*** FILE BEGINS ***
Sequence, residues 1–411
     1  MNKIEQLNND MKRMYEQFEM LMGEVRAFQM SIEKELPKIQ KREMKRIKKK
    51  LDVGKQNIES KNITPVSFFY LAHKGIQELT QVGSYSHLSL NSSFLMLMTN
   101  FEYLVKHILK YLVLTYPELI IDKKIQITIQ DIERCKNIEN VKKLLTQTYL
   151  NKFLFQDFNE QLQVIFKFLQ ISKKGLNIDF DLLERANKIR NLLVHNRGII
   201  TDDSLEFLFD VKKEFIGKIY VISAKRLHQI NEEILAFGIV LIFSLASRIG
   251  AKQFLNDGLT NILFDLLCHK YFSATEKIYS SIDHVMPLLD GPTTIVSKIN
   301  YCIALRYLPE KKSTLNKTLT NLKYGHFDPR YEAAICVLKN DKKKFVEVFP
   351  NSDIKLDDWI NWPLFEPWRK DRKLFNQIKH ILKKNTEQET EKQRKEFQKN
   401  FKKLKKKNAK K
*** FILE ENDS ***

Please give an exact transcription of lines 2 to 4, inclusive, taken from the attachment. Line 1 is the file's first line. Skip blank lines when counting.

     1  MNKIEQLNND MKRMYEQFEM LMGEVRAFQM SIEKELPKIQ KREMKRIKKK
    51  LDVGKQNIES KNITPVSFFY LAHKGIQELT QVGSYSHLSL NSSFLMLMTN
   101  FEYLVKHILK YLVLTYPELI IDKKIQITIQ DIERCKNIEN VKKLLTQTYL